Let that sit (covered) for about 20 minutes or so then stir in very soft butter. cover so plastic is directly in contact with the surface of the ganache and allow to sit in a cool location for several hours until it crystallizes. I do not recommend refrigerating the ganache at this point.

When it is stiff enough to pipe or scoop you are in business.

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Yes, start whisking as you start to pour the chocolate--just like you would whisk as you start to pour the oil while making a vinaigrette.


Steve Klc

Pastry chef-Restaurant Consultant

Oyamel : Zaytinya : Cafe Atlantico : Jaleo

chef@pastryarts.com

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Okay, made the truffles this weekend. They turned out great! I used Steve KLC's method for incorporating the chocolate and cream, which was a little tricky without a third hand but worth it nonetheless.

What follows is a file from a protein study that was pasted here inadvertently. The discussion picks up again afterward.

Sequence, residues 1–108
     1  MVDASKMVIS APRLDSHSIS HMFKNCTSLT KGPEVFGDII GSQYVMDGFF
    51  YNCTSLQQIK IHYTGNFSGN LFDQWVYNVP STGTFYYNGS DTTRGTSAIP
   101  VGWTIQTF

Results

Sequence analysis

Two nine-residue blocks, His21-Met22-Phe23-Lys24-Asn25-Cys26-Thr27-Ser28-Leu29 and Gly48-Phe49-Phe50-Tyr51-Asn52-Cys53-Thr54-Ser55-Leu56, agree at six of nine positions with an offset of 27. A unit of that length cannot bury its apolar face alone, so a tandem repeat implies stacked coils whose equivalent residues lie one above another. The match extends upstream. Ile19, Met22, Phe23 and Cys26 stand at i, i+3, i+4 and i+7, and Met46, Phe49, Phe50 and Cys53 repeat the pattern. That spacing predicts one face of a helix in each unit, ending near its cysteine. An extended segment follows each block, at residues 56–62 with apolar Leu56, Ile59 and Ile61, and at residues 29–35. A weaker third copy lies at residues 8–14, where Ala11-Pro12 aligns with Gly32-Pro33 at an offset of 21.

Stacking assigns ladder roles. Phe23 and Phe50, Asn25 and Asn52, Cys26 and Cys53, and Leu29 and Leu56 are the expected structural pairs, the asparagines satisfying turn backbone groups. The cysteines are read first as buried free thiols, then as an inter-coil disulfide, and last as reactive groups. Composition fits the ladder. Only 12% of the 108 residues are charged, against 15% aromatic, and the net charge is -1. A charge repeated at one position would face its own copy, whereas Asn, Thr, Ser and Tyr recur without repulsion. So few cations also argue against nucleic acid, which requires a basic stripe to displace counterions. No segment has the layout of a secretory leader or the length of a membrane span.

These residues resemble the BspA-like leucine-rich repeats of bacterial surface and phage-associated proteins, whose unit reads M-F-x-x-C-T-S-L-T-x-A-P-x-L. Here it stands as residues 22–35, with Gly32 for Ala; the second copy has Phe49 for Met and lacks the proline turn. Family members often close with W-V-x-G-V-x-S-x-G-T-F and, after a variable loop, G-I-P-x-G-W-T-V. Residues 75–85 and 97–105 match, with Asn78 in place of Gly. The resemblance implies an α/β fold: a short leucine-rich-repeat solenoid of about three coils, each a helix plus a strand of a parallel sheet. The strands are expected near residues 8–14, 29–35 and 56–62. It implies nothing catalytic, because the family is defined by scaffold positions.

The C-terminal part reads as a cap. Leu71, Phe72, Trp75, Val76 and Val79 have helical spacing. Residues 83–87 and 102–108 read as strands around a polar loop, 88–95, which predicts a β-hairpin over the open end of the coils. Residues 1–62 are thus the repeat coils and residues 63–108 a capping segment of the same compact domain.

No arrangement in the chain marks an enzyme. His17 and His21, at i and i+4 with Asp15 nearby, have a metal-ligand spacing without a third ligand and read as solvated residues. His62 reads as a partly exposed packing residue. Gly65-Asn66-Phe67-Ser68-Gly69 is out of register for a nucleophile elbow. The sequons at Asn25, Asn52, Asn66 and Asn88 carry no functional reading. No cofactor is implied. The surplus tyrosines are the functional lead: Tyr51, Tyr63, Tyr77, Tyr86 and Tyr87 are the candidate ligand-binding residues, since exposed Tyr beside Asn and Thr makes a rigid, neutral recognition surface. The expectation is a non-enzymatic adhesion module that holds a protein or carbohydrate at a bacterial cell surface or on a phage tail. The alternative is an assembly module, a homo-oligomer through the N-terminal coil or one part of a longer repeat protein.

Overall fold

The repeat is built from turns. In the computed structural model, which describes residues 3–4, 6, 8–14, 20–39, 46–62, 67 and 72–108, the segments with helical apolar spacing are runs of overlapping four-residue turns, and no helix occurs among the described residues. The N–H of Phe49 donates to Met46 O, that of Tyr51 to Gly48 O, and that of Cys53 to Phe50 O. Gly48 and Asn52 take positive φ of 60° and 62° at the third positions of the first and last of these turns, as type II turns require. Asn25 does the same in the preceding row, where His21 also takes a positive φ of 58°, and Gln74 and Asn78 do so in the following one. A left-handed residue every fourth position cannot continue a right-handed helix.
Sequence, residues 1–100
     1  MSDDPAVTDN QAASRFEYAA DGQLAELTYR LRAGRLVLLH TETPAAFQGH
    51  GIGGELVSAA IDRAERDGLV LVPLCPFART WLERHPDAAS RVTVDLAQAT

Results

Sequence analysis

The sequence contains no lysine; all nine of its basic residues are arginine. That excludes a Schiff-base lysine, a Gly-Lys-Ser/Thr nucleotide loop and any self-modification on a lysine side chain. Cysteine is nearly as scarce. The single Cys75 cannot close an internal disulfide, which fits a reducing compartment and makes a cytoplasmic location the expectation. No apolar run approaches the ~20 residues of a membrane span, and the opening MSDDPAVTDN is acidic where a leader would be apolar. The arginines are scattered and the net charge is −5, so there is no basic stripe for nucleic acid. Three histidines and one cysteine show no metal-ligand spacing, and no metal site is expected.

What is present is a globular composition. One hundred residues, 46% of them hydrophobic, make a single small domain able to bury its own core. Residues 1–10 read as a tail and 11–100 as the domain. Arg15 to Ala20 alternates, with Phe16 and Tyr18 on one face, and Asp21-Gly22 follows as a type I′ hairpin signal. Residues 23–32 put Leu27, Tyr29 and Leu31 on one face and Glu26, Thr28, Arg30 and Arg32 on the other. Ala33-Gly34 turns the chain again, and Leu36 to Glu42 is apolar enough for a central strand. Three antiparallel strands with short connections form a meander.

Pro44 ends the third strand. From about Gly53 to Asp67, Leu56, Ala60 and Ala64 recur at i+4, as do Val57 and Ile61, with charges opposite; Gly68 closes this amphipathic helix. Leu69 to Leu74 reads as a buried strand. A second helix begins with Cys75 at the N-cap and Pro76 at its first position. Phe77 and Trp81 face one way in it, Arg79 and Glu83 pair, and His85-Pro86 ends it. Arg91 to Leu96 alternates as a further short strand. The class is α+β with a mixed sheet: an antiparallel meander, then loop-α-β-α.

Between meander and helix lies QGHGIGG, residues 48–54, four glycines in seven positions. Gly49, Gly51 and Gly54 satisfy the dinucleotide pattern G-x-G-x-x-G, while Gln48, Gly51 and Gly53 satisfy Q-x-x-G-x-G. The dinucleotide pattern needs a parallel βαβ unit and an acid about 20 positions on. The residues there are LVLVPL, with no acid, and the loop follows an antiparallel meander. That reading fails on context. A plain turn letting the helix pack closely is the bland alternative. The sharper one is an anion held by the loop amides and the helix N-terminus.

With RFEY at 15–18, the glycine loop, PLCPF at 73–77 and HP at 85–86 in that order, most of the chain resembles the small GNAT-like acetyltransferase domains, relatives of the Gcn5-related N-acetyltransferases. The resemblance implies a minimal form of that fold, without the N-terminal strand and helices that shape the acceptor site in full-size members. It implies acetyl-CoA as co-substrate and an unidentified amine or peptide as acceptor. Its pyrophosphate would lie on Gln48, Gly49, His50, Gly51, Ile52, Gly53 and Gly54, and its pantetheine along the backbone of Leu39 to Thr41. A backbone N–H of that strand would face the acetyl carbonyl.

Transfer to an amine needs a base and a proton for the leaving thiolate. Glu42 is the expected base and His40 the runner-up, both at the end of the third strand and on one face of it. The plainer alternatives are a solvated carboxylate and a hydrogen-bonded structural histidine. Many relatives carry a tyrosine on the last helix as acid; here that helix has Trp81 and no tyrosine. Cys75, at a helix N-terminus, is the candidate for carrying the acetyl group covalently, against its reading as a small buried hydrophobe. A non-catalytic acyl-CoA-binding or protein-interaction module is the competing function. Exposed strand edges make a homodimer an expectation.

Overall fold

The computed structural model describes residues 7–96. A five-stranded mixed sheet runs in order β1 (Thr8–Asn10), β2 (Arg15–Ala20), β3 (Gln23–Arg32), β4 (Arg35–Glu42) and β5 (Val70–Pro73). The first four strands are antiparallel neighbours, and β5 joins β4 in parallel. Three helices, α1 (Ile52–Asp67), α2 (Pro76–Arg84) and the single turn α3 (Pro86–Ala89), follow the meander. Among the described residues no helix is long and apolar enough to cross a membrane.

The texture was very close to what I was looking for, firm even while sitting out (cool room temperature), though I would have liked them to have a slight crumble (I think, I'm struggling with a description of this) when first bitten into.

If I wanted to add some kinda alcohol, is there a particular time I should do it? Are there changes I need to make to the base recipe?

thanks again, my wife is very happy because of y'all

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PC--I'll just pick up that "crumble" comment--if you're doing "ganache" correctly, and working with good chocolate and a good recipe, there's no crumble. What you aim for is perfectly shiny, smooth and unctuous--and it is not dry, not grainy and not crumbly in the slightest.

Congrats on your success so far.


Steve Klc

Pastry chef-Restaurant Consultant

Oyamel : Zaytinya : Cafe Atlantico : Jaleo

chef@pastryarts.com